Trade Reforms and Market Selection: Evidence from Manufacturing Plants in Colombia

51 Pages Posted: 30 Jun 2009

See all articles by Marcela Eslava

Marcela Eslava

University of the Andes (CEDE)

John Haltiwanger

University of Maryland - Department of Economics; National Bureau of Economic Research (NBER); Institute for the Study of Labor (IZA)

Adriana D. Kugler

McCourt School of Public Policy ; Centre for Economic Policy Research (CEPR); IZA Institute of Labor Economics; National Bureau of Economic Research (NBER)

Maurice Kugler

Wilfrid Laurier University - School of Business & Economics; Harvard University - Center for International Development (CID); Centre for International Governance Innovation (CIGI); National Bureau of Economic Research (NBER)

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Abstract

We use plant output and input prices to decompose the profit margin into four parts: productivity, demand shocks, mark-ups and input costs. We find that each of these market fundamentals are important in explaining plant exit. We then use variation across sectors in tariff changes after the Colombian trade reform to assess whether the impact of market fundamentals on plant exit changed with in creased international competition. We find that greater international competition magnifies the impact of productivity, and other market fundamentals, on plant exit. A dynamic simulation that compares the distribution of productivity with and without the trade reform shows that improvements in market selection from trade reform help to weed out the least productive plants and increase average productivity. In addition, we find that trade liberalization increases productivity of incumbent plants and improves the allocation of activity within industries.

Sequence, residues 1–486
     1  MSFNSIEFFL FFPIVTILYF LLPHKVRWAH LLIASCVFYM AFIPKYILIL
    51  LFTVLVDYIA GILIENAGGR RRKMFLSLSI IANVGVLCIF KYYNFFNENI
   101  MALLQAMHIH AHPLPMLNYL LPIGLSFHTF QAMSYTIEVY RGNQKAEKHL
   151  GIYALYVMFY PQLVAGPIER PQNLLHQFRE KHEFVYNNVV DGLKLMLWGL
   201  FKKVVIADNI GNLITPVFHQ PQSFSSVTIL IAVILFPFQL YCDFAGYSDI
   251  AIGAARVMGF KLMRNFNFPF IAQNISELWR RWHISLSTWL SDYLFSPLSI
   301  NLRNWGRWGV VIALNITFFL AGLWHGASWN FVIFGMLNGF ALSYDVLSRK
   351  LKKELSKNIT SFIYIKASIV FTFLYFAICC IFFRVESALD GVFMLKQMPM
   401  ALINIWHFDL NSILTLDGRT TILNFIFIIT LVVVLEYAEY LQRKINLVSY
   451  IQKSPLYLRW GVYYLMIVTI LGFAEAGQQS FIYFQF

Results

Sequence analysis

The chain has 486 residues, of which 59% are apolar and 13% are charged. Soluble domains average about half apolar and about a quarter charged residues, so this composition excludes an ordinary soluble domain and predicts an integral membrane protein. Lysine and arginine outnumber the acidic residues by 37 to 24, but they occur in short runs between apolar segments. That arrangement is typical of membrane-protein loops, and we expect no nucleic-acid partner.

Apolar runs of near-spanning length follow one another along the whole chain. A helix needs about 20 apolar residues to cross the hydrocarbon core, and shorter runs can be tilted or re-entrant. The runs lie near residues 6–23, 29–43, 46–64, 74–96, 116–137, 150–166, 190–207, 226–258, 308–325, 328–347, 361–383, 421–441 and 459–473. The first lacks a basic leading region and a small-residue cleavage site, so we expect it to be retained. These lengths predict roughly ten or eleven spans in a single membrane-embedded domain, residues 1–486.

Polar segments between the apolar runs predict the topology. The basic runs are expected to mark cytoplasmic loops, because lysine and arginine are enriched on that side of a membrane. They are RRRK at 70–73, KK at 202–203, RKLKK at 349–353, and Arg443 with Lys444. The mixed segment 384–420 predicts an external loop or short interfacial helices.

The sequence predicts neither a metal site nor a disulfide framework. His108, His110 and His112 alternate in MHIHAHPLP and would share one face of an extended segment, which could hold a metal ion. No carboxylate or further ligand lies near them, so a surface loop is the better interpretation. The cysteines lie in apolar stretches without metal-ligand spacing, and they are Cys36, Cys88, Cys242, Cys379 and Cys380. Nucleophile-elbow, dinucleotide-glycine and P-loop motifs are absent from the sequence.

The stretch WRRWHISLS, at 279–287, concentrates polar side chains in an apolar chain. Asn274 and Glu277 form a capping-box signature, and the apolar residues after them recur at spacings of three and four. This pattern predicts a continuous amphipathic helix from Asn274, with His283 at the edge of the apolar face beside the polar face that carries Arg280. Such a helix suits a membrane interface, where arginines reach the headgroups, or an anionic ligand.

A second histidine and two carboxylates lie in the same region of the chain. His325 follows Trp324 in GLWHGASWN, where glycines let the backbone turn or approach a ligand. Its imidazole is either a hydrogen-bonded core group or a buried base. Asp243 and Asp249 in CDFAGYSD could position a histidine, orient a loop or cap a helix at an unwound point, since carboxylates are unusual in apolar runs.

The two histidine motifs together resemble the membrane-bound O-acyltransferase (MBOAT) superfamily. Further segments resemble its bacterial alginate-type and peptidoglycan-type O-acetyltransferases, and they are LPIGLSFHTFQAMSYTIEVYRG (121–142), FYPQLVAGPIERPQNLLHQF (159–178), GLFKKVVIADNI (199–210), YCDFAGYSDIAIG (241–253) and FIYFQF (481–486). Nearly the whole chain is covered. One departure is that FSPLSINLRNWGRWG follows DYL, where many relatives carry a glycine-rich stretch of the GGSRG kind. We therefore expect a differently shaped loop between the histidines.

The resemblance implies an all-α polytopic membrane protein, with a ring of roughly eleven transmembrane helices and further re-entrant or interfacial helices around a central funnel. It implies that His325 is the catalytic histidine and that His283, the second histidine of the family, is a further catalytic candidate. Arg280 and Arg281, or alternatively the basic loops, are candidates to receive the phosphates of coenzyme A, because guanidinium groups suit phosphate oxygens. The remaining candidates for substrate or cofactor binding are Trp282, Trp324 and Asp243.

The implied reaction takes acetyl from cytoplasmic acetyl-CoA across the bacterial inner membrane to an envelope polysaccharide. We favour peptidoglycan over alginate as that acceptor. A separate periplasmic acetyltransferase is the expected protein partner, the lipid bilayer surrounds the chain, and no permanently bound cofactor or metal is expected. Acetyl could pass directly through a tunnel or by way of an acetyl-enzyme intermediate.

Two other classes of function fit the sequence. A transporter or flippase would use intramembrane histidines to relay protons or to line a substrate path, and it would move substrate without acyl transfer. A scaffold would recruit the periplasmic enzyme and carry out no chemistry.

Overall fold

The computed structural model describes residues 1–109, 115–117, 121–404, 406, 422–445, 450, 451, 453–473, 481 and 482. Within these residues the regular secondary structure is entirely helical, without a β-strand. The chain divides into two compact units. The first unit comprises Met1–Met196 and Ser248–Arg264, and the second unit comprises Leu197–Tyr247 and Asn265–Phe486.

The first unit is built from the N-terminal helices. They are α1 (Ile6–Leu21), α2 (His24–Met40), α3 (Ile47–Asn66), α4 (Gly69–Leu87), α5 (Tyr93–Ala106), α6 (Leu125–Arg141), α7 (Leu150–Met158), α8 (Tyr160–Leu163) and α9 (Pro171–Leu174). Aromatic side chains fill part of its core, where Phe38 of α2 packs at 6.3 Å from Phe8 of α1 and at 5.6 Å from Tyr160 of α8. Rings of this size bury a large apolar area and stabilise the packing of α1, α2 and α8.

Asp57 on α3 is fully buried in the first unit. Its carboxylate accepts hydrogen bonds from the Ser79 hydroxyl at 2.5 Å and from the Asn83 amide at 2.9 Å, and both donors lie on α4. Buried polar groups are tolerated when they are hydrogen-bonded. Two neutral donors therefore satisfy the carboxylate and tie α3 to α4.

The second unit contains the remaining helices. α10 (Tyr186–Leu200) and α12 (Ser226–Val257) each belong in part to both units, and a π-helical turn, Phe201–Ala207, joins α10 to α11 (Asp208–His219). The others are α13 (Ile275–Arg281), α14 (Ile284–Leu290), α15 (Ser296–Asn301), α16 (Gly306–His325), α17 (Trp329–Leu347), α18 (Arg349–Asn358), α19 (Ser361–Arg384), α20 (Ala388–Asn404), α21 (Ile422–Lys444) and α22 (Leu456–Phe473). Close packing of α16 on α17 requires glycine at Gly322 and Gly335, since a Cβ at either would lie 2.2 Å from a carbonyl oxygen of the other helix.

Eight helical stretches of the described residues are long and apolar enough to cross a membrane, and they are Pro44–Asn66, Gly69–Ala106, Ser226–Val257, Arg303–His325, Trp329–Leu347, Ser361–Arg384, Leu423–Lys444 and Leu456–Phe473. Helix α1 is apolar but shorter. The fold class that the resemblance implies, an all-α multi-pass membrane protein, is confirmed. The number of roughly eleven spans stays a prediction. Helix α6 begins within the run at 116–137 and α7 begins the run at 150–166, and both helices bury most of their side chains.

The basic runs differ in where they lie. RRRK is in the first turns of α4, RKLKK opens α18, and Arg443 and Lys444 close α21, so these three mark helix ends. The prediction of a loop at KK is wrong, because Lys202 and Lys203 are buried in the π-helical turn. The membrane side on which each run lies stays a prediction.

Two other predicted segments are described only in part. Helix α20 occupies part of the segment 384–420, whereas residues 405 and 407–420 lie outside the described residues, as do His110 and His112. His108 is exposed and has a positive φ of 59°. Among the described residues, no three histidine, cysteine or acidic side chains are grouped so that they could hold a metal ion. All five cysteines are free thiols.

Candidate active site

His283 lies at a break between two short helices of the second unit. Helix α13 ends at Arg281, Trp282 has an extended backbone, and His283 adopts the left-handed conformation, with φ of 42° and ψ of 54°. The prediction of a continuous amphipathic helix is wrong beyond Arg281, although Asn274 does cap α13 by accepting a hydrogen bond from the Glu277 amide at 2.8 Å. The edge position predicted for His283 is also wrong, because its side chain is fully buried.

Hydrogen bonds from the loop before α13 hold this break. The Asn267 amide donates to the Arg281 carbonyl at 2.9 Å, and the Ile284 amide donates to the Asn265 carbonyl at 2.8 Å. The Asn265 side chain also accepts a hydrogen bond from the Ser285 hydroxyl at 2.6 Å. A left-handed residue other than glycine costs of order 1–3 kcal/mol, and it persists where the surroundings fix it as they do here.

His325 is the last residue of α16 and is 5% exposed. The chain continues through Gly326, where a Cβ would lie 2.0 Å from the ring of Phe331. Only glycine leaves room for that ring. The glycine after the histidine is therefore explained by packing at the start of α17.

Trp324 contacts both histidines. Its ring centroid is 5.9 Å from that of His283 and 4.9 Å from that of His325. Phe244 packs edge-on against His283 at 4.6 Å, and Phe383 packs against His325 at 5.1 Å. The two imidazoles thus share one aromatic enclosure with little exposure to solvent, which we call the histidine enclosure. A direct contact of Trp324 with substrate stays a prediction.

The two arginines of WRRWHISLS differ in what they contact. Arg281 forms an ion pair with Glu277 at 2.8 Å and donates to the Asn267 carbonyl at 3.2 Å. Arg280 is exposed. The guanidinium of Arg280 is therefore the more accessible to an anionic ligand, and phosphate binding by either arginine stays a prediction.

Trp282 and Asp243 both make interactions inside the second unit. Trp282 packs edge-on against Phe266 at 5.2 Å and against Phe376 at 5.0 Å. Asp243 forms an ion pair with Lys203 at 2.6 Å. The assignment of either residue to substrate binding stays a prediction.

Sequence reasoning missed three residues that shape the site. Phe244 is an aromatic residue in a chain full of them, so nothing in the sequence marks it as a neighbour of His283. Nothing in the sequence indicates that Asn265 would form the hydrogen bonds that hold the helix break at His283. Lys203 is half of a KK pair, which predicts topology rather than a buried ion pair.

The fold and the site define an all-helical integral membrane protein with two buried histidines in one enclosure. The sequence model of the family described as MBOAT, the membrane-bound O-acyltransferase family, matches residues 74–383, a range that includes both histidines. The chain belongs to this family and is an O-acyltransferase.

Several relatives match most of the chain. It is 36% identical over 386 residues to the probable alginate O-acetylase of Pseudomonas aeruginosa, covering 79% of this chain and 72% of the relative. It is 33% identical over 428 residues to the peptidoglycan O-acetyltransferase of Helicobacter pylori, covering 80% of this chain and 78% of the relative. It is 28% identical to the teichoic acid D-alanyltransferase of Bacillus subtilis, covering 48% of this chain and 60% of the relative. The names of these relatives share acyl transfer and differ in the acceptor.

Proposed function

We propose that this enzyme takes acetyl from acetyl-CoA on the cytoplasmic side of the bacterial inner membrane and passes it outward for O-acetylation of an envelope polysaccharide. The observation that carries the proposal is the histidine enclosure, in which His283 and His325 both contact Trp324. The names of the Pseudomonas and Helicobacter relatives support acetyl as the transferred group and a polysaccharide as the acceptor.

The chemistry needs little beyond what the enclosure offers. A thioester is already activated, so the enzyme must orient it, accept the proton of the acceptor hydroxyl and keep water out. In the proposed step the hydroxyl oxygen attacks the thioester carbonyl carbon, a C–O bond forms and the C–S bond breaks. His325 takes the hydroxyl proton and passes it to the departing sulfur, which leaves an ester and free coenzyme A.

Keywords: trade liberalization, plant exit, market selection

JEL Classification: F43, L25, O47

Suggested Citation

Eslava, Marcela and Haltiwanger, John C. and Kugler, Adriana Debora and Kugler, Maurice, Trade Reforms and Market Selection: Evidence from Manufacturing Plants in Colombia. IZA Discussion Paper No. 4256. Available at SSRN: https://ssrn.com/abstract=1426743

Marcela Eslava (Contact Author)

University of the Andes (CEDE) ( email )

Carrera 1a No. 18A-10
Santafe de Bogota, AA4976
Colombia

John C. Haltiwanger

University of Maryland - Department of Economics ( email )

College Park, MD 20742
United States
301-405-3504 (Phone)
301-405-3542 (Fax)

National Bureau of Economic Research (NBER) ( email )

1050 Massachusetts Avenue
Cambridge, MA 02138
United States

Institute for the Study of Labor (IZA) ( email )

P.O. Box 7240
Bonn, D-53072
Germany

Adriana Debora Kugler

McCourt School of Public Policy ( email )

3700 O ST NW
311 Old North
Washington, DC 20057
United States

Centre for Economic Policy Research (CEPR) ( email )

London
United Kingdom

IZA Institute of Labor Economics ( email )

P.O. Box 7240
Bonn, D-53072
Germany

National Bureau of Economic Research (NBER) ( email )

1050 Massachusetts Avenue
Cambridge, MA 02138
United States

Maurice Kugler

Wilfrid Laurier University - School of Business & Economics ( email )

Waterloo, Ontario N2L 3C5
CANADA

Harvard University - Center for International Development (CID) ( email )

One Eliot Street Building
79 JFK Street
Cambridge, MA 02138
United States

Centre for International Governance Innovation (CIGI) ( email )

57 Erb Street West
Waterloo, Ontario N2L 6C2
Canada

National Bureau of Economic Research (NBER) ( email )

1050 Massachusetts Avenue
Cambridge, MA 02138
United States

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